Combining the net speculative futures positions of all 5 major currencies against the USD, we find CHF positioning to remain the only net long against USD, ever since the SNB decision end its EURCHF peg in January. GBP positioning is the only currency to show steady improvement against USD. Currency-by-currency analysis below.
Net longs in CHF vs USD have gradually eased since reaching 10-month high in early June.
Net speculative GBP hit the lowest net short (least negative) positioning since November, at 9,788 contracts. This week's release of the BoE quarterly inflation report shall prove crucial in tipping the balance closer to net long positioning, with most traders expecting at least one member of the BoC's MPC to vote for a rate hike this week.
CAD net shorts undergo the worst deterioration among all currencies, with 56,067 short contracts exceeding longs, the biggest net short balance since March 2014. This is a classic case of a central bank throwing the towel over tumbling oil with two rate cuts in 6 months as GDP shrank in five consecutive months, a pattern last seen in 2009.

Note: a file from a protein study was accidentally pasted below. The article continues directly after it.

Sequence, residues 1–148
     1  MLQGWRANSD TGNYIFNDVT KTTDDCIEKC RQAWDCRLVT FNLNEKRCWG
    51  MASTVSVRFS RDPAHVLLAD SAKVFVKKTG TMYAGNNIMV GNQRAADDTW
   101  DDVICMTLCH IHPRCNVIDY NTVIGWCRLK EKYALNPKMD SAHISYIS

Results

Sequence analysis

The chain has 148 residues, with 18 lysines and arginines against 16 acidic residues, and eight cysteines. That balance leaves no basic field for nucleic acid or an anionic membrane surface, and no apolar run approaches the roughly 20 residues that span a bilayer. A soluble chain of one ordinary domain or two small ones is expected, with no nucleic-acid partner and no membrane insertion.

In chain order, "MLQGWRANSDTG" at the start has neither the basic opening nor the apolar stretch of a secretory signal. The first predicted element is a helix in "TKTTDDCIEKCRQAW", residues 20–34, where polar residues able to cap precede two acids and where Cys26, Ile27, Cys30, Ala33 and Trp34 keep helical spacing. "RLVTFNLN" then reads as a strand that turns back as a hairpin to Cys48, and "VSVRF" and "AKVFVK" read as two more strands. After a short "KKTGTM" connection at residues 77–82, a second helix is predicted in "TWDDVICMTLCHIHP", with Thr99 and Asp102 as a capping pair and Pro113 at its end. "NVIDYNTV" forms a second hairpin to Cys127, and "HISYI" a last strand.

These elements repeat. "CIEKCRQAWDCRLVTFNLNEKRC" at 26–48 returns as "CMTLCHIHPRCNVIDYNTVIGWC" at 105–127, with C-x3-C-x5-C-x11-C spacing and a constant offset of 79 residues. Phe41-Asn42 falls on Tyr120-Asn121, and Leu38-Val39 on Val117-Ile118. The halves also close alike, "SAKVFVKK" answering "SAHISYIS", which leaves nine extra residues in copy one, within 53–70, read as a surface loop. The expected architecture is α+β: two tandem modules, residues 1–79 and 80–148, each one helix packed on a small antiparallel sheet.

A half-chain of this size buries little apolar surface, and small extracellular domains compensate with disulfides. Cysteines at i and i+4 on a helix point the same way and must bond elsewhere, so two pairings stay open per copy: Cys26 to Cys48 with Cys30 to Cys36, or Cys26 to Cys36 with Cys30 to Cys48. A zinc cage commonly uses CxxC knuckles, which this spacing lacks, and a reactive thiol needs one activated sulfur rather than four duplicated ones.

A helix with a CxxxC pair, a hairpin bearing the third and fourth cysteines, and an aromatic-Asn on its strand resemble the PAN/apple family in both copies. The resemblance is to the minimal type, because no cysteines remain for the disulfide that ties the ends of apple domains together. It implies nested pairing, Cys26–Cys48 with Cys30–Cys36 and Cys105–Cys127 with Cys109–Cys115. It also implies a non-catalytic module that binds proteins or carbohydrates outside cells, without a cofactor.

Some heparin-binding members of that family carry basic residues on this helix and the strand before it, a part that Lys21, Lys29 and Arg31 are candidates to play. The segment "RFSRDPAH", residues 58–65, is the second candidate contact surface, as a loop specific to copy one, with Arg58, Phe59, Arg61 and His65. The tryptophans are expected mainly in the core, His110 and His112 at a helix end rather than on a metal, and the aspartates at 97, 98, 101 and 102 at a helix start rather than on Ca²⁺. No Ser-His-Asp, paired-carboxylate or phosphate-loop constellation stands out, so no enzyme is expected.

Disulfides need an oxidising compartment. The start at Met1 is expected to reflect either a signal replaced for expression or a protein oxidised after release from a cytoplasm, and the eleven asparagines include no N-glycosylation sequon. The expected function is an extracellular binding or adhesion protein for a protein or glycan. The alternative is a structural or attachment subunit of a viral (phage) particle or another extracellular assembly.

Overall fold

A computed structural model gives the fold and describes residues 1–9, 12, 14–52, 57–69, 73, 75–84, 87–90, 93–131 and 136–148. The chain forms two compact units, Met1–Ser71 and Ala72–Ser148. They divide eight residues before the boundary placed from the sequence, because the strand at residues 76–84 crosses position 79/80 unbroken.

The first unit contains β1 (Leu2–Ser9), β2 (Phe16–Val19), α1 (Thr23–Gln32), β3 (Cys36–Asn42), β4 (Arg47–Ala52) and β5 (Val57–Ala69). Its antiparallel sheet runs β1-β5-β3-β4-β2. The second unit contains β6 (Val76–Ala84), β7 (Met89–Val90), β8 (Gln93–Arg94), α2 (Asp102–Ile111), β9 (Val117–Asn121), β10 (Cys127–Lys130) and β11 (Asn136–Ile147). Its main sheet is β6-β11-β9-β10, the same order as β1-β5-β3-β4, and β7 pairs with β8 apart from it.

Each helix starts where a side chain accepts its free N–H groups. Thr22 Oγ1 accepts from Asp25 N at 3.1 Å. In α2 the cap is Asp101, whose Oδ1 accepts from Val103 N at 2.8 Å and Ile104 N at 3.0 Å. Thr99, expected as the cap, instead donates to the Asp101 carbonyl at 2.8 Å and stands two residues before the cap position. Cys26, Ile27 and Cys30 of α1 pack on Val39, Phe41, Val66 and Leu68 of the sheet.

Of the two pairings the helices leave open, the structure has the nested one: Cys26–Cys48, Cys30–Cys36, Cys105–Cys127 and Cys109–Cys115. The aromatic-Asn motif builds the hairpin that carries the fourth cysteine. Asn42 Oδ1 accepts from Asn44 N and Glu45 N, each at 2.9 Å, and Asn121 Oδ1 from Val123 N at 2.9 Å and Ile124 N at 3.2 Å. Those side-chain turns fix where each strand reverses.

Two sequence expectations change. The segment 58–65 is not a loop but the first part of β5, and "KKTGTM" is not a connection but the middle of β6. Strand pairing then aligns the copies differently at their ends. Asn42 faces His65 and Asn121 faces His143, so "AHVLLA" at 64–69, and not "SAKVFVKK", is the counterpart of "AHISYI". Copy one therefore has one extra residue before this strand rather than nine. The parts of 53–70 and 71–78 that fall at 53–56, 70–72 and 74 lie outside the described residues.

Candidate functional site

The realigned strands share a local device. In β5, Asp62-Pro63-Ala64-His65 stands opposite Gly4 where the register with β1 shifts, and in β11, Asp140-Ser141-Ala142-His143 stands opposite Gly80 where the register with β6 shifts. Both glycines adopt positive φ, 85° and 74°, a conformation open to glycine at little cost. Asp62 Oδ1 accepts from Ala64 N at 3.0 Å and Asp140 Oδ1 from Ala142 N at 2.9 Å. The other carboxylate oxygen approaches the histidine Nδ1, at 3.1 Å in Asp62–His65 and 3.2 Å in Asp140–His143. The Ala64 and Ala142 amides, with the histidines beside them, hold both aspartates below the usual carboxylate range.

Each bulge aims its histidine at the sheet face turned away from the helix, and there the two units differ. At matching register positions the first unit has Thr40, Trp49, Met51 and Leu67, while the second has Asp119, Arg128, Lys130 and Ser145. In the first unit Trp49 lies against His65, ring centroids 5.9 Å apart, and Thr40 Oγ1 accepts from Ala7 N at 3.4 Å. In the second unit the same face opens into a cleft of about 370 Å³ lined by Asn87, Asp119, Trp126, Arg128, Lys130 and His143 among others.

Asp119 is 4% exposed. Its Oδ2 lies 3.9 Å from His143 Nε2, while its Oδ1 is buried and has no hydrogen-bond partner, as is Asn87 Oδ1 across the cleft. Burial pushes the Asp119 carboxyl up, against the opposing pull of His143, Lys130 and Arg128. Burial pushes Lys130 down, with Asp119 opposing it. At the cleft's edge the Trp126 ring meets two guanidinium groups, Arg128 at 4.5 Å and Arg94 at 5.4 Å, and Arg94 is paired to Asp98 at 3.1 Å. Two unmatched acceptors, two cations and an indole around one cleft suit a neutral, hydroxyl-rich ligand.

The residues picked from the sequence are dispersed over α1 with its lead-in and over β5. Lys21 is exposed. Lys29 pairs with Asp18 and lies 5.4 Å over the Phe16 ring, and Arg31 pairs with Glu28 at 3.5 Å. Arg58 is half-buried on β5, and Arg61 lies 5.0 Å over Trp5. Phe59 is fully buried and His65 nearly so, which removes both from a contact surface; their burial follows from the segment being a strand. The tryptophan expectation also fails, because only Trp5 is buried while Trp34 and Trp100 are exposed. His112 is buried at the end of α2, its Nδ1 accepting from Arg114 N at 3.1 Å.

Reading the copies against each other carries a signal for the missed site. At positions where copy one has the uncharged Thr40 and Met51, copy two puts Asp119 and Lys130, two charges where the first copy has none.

AUD net shorts are a close 2nd to CAD deterioration as deepening erosion in the nation's mining sector force the RBA to keep the door open for further easing despite rapid Aussie depreciation. Each dead-cat bounce in Chinese equities is becoming a new reason to sell Aussie dips.
EUR net shorts continue their long and slow rebound, with US macro dynamics taking centre stage as Greece issues are pushed aside. EURUSD futures trading is the biggest in the IMM currency complex as the pair is the most heavily traded in the $5.3 trillion spot market. The pair also remains used as a proxy for the USDX.
JPY net shorts increased for the 2nd straight week after having diminished steadily throughout June and most of July. With global equities fixated at the uncomfortable combination broadening energy damage and a US central bank flirting with tightening, JPY speculators are incapable to tread far away from the safe haven route.